Planning Poker is an estimation technique first described by James Grenning in 2002 in a paper by the same name [pdf]. When I first heard about Planning Poker, I couldn’t help but chuckle. It seemed a bit silly to mix software development and poker. After reading Mike Cohn’s excellent book “Agile Estimating and Planning” I had a good grasp of the mechanics of Planning Poker, but it felt like just a variant of the Delphi method and thus nothing new.

About a year ago we had Kenny Rubin come in to do some Scrum training for us. That was just the shot in the arm that we needed to supercharge Agile adoption at AccuRev. If you are looking for an Agile trainer, I highly recommend Kenny Rubin. It was based on Kenny’s explanation and recommendation that we decided to try Planning Poker on a real project. The results were terrific and after a single session we were hooked. Planning Poker is now a standard part of our Agile process.

The Basics
In order to play Planning Poker, each participant will need a deck of Planning Poker cards. These are easy to obtain, just Google for “Planning Poker cards” or make your own. You will need the following cards: ½, 1, 2, 3, 5, 8, 13, 20 and a card that indicates “I’ve had enough.” The numbers on the cards represent estimates. You can use story points, ideal days, or some other measure, but in this point I am assuming (and advocating) story points. Typical decks contain cards for much larger numbers than 20, but I think you’ll find that 20 and higher are rarely used once you’ve been using Planning Poker for a year or two.

The whole team gets together for a set amount of time to do story estimation. An hour is usually a good amount of time, but this is completely up to you. When I say “the whole team” I am assuming that you are using small cross-functional teams of 5-9 people (see later parts that discuss the use of whole teams).

Estimation is done on a story-by-story basis in the same order as the backlog, starting with the first story that needs estimating. Somebody reads and describes the story. This is often the product owner, but could be anybody. Some teams do story point estimation without the product owner and just skip stories which they are unable to do without the product owner’s involvement. After the story has been read, participants discuss the story for a bit and then decide on an estimate by picking one of their cards and laying it face down in front of themselves. Once everybody is ready, all of the estimates are shown. If the estimates are all the same, you are done.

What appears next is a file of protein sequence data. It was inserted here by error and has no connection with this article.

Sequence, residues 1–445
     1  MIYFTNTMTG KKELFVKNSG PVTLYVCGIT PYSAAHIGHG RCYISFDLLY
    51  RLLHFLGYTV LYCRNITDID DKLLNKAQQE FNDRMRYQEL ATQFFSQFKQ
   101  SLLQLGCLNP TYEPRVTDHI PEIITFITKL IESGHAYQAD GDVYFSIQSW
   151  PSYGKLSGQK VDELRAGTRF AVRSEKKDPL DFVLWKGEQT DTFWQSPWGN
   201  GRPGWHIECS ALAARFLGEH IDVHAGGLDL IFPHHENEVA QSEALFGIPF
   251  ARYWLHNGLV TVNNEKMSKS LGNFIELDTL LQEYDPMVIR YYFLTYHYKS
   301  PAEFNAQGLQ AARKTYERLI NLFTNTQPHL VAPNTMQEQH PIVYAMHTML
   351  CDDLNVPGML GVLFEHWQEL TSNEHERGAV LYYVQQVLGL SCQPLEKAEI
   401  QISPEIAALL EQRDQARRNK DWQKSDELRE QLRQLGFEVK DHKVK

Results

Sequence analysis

Usually, some of the estimates are particularly low or particularly high. A low estimate can indicate that the estimator left something out, or possibly that they know a way to reuse existing work or have some other good information that other folks weren’t aware of. A high estimate may indicate many things, but most commonly it means that the estimator is thinking of something that other folks may not be aware of. For instance, somebody may point out that there is no test framework or tooling for a particular technology and that to adequately test the story the team will need to do a lot of setup work.

In any case, after a round of discussion, everybody chooses a new estimate. This is repeated until the team comes to consensus on the estimate. The estimate is given to the story and then you move on to the next story. You end when you hit the end of the meeting time, you run out of stories to estimate, or somebody plays the “I’ve had enough” card.

The Benefits
One of the biggest benefits of Planning Poker is the sense of team that it creates. The whole team is participating in the estimation. This creates a greater sense of team ownership and team responsibility for each story. Another major benefit of Planning Poker is that you leverage the collective wisdom of the whole team. However, this really only works well when you are using whole teams in the Agile sense of the term.

Next: The Five Essential Ingredients of Great Agile Estimation

Wednesday, September 23, 2009

Software Development is a Search Algorithm

How we think about something can have a profound effect on how we do that thing. Thinking of the process of software development as a search algorithm rather than as the process of building software can lead to making better decisions about the products we create and the way we go about creating them.

The Search For Value
The end goal of designing software is to produce something which provides a benefit that is large enough for one or more customers to at least cover the cost of its production. Of course, the higher the value of that benefit, the more that folks will pay for it. On the other side of the equation you want to provide that benefit at the lowest cost. There is a point of diminishing returns both in looking for the highest possible value and in looking for the lowest possible cost.